Feeds

Dell boy in 64-bit mix-up

They're going down with the Itanic

  • alert
  • submit to reddit

Intelligent flash storage arrays

Linuxworld Michael Dell kicked off the LinuxWorld expo keynote with a ringing endorsement of Linux. For an hour we were treated to homilies to open source software, stories of how Dell itself relied on Linux, and even a clarion call against restrictive intellectual property laws - which predictably brought the house down.

In fact, he'd brought to bear all the zeal of... er... someone who's just noticed they're selling rather a lot of Linux boxes (racks might be more accurate) and wants to sell some more.

So afterwards, and noting that he'd also predicted a long life for the "x86 architecture", we asked him if his enthusiasm for both Linux and x86 extended to AMD's x86-64 architecture - which had just been blessed with its first OS support from SuSE. His answer is worth reproducing verbatim.

"We will be selling x86 64-bit servers. In fact we're demonstrating them today - they're Itanium based," he said. "Will we sell products based on the AMD 64-bit? That's to be determined. We don't have any parts today."

Designs on the future

The IA-64 design team too has effectively welded a real 32-bit x86 processor - sorta, kinda - into the hulk of the Itanic. So although the Itanium does do x86 instructions for sure, as sure as eggs is eggs, it doesn't do 64-bit x86 instructions.

Now some critics have noted that by merely describing its hot and heavy VLIW behemoth as "IA-64", Chipzilla has sought to create the illusion that's an evolutionary successor to "IA-32". While we wouldn't expect Intel to brand it IA-LeapInTheDark, you can see the point.

But there's a difference between marketing names and factual errors, and we wonder if Intel's biggest customer, and most loyal OEM ally isn't trying to take the sting out of the AMD bandwagon by saying - yeah, we do that too. Slip of the tongue or marketing statement? You decide. ®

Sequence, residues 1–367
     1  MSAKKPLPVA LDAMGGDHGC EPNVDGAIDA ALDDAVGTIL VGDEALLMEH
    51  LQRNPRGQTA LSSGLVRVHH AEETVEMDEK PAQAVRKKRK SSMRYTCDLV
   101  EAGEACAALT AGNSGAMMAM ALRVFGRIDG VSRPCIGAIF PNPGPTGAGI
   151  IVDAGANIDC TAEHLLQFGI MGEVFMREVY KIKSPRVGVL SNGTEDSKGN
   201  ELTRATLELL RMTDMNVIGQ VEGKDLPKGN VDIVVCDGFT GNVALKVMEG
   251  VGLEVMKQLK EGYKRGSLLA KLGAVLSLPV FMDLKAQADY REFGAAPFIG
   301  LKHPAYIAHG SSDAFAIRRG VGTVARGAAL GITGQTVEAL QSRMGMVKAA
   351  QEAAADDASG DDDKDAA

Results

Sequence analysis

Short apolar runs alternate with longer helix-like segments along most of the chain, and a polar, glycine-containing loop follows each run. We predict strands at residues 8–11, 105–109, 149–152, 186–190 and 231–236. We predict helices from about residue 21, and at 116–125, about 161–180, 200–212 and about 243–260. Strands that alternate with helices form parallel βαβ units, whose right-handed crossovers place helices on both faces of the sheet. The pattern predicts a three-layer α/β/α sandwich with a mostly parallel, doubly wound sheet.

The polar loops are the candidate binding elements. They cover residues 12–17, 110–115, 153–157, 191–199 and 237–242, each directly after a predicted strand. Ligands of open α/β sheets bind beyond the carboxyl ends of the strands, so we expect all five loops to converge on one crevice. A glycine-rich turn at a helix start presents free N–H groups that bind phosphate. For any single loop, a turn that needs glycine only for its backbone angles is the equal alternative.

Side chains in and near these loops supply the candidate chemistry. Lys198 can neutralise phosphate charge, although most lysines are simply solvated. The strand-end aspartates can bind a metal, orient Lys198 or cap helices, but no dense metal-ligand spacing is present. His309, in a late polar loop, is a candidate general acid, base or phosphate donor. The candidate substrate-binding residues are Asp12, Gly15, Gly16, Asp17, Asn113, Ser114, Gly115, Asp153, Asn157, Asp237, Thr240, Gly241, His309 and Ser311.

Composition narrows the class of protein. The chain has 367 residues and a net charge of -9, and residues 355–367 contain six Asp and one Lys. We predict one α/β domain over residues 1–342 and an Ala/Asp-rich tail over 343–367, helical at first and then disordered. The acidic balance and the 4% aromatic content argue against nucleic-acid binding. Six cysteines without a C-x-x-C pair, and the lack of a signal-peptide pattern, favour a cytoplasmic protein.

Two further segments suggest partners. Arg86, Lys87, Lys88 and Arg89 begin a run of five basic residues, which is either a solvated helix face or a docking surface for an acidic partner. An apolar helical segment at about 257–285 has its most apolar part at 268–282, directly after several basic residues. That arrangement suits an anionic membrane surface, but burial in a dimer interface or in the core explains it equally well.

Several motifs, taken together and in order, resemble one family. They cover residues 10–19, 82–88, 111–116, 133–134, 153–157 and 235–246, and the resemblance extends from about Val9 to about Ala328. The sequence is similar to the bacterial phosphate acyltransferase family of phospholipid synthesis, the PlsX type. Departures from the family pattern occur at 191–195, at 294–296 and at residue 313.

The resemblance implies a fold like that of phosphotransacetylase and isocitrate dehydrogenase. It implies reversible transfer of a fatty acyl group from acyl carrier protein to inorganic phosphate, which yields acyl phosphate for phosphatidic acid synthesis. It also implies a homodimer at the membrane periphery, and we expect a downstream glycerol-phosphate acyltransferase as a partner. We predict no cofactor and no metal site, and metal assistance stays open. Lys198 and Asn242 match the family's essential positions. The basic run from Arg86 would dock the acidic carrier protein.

Related Stories

Dell to demo Linux on Itanium
Linux and notebooks boost Dell revenue
Dell lives in Intel parallel cosmos

Providing a secure and efficient Helpdesk

More from The Register

next story
Google+ goes TITSUP. But WHO knew? How long? Anyone ... Hello ...
Wobbly Gmail, Contacts, Calendar on the other hand ...
UNIX greybeards threaten Debian fork over systemd plan
'Veteran Unix Admins' fear desktop emphasis is betraying open source
Preview redux: Microsoft ships new Windows 10 build with 7,000 changes
Latest bleeding-edge bits borrow Action Center from Windows Phone
Microsoft promises Windows 10 will mean two-factor auth for all
Sneak peek at security features Redmond's baking into new OS
Netscape Navigator - the browser that started it all - turns 20
It was 20 years ago today, Marc Andreeesen taught the band to play
DEATH by PowerPoint: Microsoft warns of 0-day attack hidden in slides
Might put out patch in update, might chuck it out sooner
Redmond top man Satya Nadella: 'Microsoft LOVES Linux'
Open-source 'love' fairly runneth over at cloud event
prev story

Whitepapers

Forging a new future with identity relationship management
Learn about ForgeRock's next generation IRM platform and how it is designed to empower CEOS's and enterprises to engage with consumers.
Why and how to choose the right cloud vendor
The benefits of cloud-based storage in your processes. Eliminate onsite, disk-based backup and archiving in favor of cloud-based data protection.
Three 1TB solid state scorchers up for grabs
Big SSDs can be expensive but think big and think free because you could be the lucky winner of one of three 1TB Samsung SSD 840 EVO drives that we’re giving away worth over £300 apiece.
Reg Reader Research: SaaS based Email and Office Productivity Tools
Read this Reg reader report which provides advice and guidance for SMBs towards the use of SaaS based email and Office productivity tools.
Security for virtualized datacentres
Legacy security solutions are inefficient due to the architectural differences between physical and virtual environments.